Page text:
Vehicle Miles Traveled Tax

The Highway Trust Fund has been funded majorly by the fuel tax. However, this trust fund cannot independently cover the federal government’s expenditures on roads and transportation. Therefore, the Senate Finance Committee has been interested in finding a solution to the inherent insolvency problem.

Apparently, the fuel tax system might not be enough to provide revenue for the Highway Trust Funds. On May 18, 2021, Texas Senator John Coryn proposed The Truck-only Vehicle Miles Traveled Tax to the committee. With this tax system, truckers will pay $25 per mile driven. However, the entire trucking industry has fiercely opposed this proposal since then.
Here are some reasons why:

In a letter addressed to the Committee, the leaders of the American Trucking Associations (ATA) and Owner-Operator Independent Drivers Association (OOIDA) highlighted the loopholes in the potential VMT tax system. There, they expressed their concerns about the discriminatory nature of the tax, which only applies to truck owners as opposed to other road users.

However, Coryn attempted to justify the fairness of the proposed policy by claiming that car users already subsidize road use by heavy trucks. Accordingly, this implies that truck-only VMT tax was the compensation the trucking industry had to pay. On that note, the OOIDA and ATA strongly disagreed with the senator.

Todd Spencer, ATA president, and Chris Spear, OOIDA president in the letter expressed that the industry is already responsible for almost half of the total Highway Trust Fund. They lament that an average car pays only $93 yearly. In comparison, the average 5-axle truck pays $4,454 yearly in federal fuel tax.— that’s 48 times more than what passenger cars pay!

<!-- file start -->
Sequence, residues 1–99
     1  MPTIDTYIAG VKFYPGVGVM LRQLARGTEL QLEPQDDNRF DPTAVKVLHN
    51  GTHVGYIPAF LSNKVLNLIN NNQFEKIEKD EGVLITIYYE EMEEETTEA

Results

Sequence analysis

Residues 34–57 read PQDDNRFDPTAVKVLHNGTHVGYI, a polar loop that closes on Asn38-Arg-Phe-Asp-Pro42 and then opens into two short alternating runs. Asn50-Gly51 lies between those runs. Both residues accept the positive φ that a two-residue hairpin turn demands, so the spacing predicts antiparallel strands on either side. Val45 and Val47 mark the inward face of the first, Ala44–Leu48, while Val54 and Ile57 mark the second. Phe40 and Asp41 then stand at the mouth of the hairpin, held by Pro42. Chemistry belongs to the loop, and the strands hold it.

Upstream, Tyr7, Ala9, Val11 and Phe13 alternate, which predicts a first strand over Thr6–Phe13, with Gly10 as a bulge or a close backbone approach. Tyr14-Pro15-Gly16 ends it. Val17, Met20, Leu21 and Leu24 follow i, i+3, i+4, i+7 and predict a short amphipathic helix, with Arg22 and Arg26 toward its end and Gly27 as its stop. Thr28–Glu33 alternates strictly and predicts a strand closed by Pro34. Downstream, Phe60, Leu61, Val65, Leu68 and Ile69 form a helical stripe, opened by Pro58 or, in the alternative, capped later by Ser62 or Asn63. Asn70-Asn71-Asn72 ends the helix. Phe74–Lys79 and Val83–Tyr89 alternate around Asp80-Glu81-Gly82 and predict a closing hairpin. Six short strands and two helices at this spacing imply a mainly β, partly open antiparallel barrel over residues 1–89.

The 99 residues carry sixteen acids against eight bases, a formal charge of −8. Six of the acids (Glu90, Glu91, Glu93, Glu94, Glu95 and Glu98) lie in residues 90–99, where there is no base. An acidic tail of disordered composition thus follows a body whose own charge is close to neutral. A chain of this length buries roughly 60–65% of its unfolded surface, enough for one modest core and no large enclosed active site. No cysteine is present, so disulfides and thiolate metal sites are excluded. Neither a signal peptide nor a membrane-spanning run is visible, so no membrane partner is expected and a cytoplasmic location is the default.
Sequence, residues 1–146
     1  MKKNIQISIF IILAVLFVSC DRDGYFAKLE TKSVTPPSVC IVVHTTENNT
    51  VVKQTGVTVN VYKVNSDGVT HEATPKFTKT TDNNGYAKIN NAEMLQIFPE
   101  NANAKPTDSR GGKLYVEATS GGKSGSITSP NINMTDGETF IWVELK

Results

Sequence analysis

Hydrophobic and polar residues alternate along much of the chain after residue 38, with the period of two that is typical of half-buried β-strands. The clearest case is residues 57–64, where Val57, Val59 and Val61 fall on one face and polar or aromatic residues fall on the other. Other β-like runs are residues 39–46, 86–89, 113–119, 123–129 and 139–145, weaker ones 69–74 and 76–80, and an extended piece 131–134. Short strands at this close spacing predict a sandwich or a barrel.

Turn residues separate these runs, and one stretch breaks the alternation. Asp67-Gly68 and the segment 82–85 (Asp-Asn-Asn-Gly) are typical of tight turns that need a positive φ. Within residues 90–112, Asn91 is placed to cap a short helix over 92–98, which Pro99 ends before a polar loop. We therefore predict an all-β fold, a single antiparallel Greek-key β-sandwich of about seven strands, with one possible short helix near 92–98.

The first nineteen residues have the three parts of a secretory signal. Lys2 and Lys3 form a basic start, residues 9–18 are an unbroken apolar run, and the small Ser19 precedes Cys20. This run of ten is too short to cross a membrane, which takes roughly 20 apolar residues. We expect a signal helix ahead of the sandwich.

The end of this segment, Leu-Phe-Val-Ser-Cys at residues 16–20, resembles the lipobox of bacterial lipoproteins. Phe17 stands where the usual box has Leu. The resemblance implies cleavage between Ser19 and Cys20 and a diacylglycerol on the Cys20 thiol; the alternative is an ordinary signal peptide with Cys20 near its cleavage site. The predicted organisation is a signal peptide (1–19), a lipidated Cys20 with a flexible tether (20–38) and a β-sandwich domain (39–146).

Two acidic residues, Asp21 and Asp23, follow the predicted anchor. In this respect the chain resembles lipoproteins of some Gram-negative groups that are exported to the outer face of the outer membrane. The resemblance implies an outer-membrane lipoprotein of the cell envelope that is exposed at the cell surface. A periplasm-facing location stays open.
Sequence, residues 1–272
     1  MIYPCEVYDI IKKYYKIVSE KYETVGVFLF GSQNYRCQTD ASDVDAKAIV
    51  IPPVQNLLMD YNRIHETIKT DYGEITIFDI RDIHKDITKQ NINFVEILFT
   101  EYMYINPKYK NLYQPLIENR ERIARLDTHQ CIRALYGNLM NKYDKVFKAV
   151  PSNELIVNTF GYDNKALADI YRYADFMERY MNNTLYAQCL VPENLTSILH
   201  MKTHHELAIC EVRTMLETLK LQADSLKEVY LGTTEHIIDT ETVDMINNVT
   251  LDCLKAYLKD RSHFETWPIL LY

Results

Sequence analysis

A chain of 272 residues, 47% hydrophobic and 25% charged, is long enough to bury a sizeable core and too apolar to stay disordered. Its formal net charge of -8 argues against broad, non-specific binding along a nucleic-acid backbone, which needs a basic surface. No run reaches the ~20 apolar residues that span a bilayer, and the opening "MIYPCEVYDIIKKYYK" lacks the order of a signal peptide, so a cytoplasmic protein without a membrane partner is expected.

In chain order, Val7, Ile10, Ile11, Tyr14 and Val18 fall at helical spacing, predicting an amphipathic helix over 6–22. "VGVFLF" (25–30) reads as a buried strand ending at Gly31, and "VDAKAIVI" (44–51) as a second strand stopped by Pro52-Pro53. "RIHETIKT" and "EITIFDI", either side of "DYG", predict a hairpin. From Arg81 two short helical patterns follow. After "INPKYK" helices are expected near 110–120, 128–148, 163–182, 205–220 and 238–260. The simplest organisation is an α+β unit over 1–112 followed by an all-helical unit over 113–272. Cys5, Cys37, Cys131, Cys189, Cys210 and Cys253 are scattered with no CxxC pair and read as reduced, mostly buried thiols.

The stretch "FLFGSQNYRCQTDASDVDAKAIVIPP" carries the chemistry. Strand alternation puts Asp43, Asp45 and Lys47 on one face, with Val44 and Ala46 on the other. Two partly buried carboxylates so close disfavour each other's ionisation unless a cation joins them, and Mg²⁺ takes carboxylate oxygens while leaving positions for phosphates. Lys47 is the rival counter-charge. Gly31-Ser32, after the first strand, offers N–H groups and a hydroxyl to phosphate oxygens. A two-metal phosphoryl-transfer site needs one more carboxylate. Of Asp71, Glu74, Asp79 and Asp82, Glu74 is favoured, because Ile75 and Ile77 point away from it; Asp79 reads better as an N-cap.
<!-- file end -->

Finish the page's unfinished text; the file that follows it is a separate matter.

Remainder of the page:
Furthermore, they highlight another loophole in the implementation of the proposed policy. Coryn suggests that Electronic Logging Devices should be used to track the miles covered by trucks. However, the use of ELDs for this purpose is against Federal law— ELD can only be used to track compliance with the Hour of Service Regulations.

Besides, a report released by ATRI makes further revelations about the high cost of maintaining this tax system. Although the VMT tax is predicted to generate more revenue than the fuel tax, the high cost spent on hardware, telecommunication, and account administration, makes it inherently uneconomical. Roughly, the collection procedure implemented on over 270 million trucks would cost nothing less than $20 billion yearly.

Therefore, although this tax system already operates in Illinois, the letter highlights that it will “pose serious economic costs” that will be felt across all states and districts if implemented on the entire U.S. economy. Moreover, it is inequitable on the trucking industry and making it a compulsory federal tax is “mind-boggling,” as noted by Chris Spear, ATA President.

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